They could have called it “Big Girls Don’t Cry” or “Can’t Take My Eyes Off of You” or “Oh What a Night.” But, instead, the new hit Broadway musical about the tortured rise of Frankie Valli & the Four Seasons honors their roots, not their records. Why? Some would call it an attitude, that irrepressible Jersey something that has a lot to do with survival. Some would call it just plain stubbornness.
Whatever, it sure worked to the advantage of four teenagers from Newark who turned doo-wop on its ear and eventually achieved international fame.
Jersey Boys began its life with more than a few advantages. First, the original songwriters Bob Gaudio (a founder and full-time member of the Four Seasons who wrote the music) and Bob Crewe, who wrote the lyrics and produced many of the records, contributed their songs. Second, Des McAnuff, who turned Pete Townshend’s generational “rock opera” Tommy into a Tony Award-winning Broadway production for all ages, signed on as director, while fellow Newark native Joe Pesci served as a producer. Add four largely unknown actors with voices that eerily replicate the then-unique Seasons’ harmonies and you get a production that defies the simple “jukebox musical” definition.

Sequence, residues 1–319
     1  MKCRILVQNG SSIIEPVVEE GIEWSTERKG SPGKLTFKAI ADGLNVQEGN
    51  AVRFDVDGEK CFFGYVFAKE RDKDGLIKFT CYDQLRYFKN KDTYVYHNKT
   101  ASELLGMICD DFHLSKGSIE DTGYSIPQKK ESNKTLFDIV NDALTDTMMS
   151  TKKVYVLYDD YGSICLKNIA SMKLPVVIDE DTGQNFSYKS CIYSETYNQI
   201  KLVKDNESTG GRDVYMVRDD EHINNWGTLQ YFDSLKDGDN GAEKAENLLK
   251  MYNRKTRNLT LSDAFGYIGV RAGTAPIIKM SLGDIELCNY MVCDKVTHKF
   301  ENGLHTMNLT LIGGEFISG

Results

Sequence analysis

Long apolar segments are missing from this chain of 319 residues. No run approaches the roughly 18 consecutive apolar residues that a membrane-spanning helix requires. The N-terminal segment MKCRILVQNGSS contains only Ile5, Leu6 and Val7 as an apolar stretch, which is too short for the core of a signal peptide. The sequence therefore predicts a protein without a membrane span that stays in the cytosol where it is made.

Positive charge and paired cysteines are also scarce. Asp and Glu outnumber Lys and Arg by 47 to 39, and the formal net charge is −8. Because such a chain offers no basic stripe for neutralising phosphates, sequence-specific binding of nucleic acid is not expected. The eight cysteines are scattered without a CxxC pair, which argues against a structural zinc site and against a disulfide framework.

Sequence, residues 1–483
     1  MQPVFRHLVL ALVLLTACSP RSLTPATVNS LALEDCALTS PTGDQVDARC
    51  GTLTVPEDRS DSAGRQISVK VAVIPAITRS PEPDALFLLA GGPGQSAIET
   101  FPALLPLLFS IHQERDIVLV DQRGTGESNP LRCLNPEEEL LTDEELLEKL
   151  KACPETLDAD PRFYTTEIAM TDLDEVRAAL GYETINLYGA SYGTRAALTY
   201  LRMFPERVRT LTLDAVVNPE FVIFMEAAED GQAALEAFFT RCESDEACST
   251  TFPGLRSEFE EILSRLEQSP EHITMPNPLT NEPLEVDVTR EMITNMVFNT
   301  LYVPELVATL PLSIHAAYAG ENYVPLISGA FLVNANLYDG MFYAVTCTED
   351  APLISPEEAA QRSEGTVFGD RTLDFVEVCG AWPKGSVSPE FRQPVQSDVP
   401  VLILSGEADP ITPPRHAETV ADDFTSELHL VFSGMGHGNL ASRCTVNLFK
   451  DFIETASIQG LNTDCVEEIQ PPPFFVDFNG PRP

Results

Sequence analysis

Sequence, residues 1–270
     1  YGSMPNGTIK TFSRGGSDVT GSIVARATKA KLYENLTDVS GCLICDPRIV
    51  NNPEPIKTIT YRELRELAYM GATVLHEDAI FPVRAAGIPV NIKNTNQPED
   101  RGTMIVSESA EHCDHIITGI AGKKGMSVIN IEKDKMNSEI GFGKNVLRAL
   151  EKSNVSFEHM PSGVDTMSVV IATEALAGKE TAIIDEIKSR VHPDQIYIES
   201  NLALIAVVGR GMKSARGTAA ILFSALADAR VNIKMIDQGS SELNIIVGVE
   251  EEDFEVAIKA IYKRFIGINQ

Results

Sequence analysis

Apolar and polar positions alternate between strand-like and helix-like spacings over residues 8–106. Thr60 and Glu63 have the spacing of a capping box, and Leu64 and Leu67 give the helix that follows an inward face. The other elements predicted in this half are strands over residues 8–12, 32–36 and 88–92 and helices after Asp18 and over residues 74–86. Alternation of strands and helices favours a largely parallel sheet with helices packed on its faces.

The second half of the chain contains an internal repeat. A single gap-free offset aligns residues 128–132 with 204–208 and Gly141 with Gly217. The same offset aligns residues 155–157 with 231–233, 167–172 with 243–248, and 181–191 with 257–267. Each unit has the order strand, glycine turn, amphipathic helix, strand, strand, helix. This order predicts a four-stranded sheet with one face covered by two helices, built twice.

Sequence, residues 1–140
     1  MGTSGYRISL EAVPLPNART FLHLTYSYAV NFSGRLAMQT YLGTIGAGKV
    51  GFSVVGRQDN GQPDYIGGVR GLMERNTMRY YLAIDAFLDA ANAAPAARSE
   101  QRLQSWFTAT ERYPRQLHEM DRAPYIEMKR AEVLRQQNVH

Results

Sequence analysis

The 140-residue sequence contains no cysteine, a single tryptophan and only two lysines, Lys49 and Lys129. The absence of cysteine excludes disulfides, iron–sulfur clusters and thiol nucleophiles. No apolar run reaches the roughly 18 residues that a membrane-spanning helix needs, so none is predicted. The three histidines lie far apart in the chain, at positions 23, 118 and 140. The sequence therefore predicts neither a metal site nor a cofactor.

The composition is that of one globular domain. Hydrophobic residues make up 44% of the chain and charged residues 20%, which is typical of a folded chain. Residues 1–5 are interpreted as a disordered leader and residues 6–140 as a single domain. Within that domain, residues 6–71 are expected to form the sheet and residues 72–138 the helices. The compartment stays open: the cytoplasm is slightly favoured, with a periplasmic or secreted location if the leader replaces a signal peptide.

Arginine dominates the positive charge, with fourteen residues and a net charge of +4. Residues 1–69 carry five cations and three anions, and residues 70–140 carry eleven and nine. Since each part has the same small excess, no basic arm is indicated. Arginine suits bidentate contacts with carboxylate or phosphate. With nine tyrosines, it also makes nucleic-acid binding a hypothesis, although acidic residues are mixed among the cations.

Despite the soiled roots of the Four Seasons story, the evening soars on the exuberance of the songs. This musical offers audience participation at its highest. How can one resist singing — or shrieking — along to “Sherry,” and what’s more poignant than seeing 20-somethings mouthing “it was late December 1963” as if they remembered it well.
Jersey Boys is that rare phenomenon that can cross radio airwaves, generations and the Hudson River with its joy, integrity and attitude intact.